Playoff changes present challenges for managers

Playoff changes present challenges for managers

Playoff changes present challenges for managers
Since the first Wild Cards were clinched in 1995, the rhetoric has been the same from just about every manager to don a uniform.

"We're trying to win our division, and we are trying to get to the playoffs -- in that order," said Orioles manager Buck Showalter on Sunday, echoing words that every manager has said or thought at some point in the past 17 seasons.

Only this season, those words mean a little bit more.

The addition of an extra Wild Card in each league has been well publicized, and -- for the most part -- well received in baseball circles. For good reason, too, as the final week of the season figures to provide a bit of extra excitement because of the changes.

For managers of teams currently in pennant races, however, "excitement" isn't necessarily the right word. Instead, the additional Wild Cards mean managers will have to be better prepared than ever before in terms of handling their pitching staffs and bullpens.

Plus, it's not like today's managers have a basis for what they're about to go through. The concept of a Wild Card play-in game -- possibly on the heels of a separate one-game tiebreaker -- is a novel one. So, too, is a potential divisional tiebreaker game, where the loser still has a crack at the playoffs by virtue of the Wild Card game.

The endless final-week possibilities don't have Cardinals manager Mike Matheny worried just yet, though.

"We're really trying to just enjoy each [game] and realize how much we're putting on each game as a club," Matheny said. "[We're] not looking forward to anything but the next one. I think the guys are staying pretty focused with that."

That's not a bad plan: Win enough games now and Matheny can set his rotation however he wants for the end of the season and the early playoff games.

But if he finds himself in a tight race for the second National League Wild Card during the final week, Matheny will be faced with several options. If he has a win-and-in situation on the final day, would he opt to rest his top starting pitcher anyway for a Wild Card game -- likely against Atlanta.

How about this scenario: If the Yankees and Orioles come down the stretch and end the season deadlocked, a one-game tiebreaker would be necessary. Who pitches that game? Does either team save their best starting pitcher for Game 1 of the American League Division Series (or the Wild Card game if they lose)? Typically that's out of the question, but this new circumstance is different because a loss does not mean elimination.

Obviously, this is all dependent on how much space teams have to maneuver within their rotations in the final week. But the new circumstances pose significant questions to managers, who will almost certainly be second-guessed, simply because of the novelty of the situation.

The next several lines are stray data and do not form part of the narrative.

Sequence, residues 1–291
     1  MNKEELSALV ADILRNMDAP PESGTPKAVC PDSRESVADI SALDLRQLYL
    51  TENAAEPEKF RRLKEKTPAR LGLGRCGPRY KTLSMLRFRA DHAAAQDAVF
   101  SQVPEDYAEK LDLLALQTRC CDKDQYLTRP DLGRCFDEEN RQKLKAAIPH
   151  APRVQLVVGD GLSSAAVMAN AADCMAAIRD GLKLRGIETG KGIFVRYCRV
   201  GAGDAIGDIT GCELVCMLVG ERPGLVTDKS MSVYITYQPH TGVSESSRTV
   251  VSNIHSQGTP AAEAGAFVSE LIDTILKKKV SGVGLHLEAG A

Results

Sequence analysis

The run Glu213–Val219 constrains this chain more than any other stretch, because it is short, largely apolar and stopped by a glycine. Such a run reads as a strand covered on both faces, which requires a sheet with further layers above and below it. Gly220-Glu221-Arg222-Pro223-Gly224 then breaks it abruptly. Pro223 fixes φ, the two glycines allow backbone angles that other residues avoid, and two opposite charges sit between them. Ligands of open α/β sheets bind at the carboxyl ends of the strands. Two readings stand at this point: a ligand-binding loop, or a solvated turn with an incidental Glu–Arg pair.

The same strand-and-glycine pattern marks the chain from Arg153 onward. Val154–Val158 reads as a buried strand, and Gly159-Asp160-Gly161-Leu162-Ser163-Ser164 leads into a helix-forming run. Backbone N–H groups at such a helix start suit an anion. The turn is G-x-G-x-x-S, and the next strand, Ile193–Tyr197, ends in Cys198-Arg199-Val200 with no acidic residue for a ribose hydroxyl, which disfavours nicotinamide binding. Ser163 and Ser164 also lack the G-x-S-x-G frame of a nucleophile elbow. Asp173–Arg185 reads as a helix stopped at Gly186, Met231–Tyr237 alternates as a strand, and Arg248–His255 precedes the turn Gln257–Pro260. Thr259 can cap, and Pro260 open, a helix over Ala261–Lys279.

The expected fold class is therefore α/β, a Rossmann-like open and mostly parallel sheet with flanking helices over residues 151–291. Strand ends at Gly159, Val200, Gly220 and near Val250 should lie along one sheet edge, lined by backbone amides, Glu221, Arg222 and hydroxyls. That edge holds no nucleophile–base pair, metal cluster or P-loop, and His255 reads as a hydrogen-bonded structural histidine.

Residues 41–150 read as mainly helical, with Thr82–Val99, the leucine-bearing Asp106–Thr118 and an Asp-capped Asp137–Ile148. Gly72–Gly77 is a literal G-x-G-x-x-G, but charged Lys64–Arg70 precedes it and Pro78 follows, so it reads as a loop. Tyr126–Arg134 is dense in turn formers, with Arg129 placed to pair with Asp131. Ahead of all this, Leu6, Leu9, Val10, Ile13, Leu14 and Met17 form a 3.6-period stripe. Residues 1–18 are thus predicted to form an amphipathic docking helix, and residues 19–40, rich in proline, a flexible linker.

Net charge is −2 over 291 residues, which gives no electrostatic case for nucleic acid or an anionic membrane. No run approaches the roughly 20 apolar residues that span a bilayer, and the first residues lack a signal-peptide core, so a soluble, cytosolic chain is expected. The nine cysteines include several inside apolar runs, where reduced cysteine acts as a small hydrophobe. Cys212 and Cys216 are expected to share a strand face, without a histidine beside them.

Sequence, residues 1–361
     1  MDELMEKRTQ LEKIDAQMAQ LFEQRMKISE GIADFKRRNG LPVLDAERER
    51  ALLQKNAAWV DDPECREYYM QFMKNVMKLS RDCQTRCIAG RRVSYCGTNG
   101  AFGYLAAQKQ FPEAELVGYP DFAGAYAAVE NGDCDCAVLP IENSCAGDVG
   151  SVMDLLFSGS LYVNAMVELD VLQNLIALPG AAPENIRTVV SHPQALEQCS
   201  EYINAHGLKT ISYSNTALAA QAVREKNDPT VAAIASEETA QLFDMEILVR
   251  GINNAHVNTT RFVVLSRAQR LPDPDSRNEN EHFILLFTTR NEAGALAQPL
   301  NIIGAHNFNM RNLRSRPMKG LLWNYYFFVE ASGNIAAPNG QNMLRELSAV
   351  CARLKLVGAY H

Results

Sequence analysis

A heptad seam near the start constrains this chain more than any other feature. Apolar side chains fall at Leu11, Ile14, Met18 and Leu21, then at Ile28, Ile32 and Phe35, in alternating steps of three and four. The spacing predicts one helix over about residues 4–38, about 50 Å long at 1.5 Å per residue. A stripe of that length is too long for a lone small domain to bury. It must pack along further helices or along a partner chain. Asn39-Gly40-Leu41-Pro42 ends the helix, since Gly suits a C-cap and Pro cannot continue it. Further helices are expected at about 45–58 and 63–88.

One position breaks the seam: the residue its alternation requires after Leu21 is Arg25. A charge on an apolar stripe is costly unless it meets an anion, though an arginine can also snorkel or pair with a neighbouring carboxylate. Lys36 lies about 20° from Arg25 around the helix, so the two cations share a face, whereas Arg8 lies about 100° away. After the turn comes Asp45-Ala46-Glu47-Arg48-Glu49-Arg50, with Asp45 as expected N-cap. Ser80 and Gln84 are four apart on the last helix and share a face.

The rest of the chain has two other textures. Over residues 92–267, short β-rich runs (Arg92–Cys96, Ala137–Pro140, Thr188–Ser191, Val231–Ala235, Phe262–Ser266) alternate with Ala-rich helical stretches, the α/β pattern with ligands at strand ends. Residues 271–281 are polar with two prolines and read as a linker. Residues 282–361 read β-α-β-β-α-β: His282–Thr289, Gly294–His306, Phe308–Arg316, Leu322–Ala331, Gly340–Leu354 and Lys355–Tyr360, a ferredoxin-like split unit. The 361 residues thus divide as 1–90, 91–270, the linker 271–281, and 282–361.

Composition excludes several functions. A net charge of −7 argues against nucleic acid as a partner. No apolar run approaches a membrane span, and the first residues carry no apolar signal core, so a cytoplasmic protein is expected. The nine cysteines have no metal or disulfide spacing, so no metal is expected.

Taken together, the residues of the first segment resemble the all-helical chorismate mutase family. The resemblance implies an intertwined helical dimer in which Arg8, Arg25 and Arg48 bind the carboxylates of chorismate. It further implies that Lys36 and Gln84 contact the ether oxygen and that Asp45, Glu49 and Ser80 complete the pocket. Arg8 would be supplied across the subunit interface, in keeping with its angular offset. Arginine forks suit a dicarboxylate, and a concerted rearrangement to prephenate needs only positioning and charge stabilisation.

The potential strategies are seemingly endless. That's just the way Commissioner Bud Selig wanted it, too.

"It's been amazing," Selig said, speaking with media in New York, where he was taping an interview for the YES Network. "It's fascinating to watch the different things that have happened. We've got great division races, we've got a little of everything."

And it isn't just the clubs fighting for their lives that may have to alter their strategies. The No. 1 overall seed in the playoffs is a bit more important this year than in the past, because the top seed will face a team coming off a Wild Card game in which it likely just used its ace.

Of course, such issues could be solved simply by winning now and thus solidifying a playoff spot with a division title or a locked-down Wild Card heading into the final week.

That's why, on Thursday night when the Nationals wrapped up the city of Washington's first baseball playoff berth in 79 years, Davey Johnson knew better than to think his job was done in terms of positioning for the playoffs.

"What's the big deal?" Johnson joked, regarding the historic playoff berth for the Nats. "That was fun. It's not what I had my eye on, you know? It's a nice step to get here, but every manager that is leading the division, that's the only thing that matters -- wining your division."

This year, more than ever before, Johnson is right.

"The old style, where you were in as a Wild Card, that was OK [to win the Wild Card]," Johnson said. "But I don't want [just that]."

AJ Cassavell is a reporter for MLB.com. Follow him on Twitter @ajcassavell. This story was not subject to the approval of Major League Baseball or its clubs.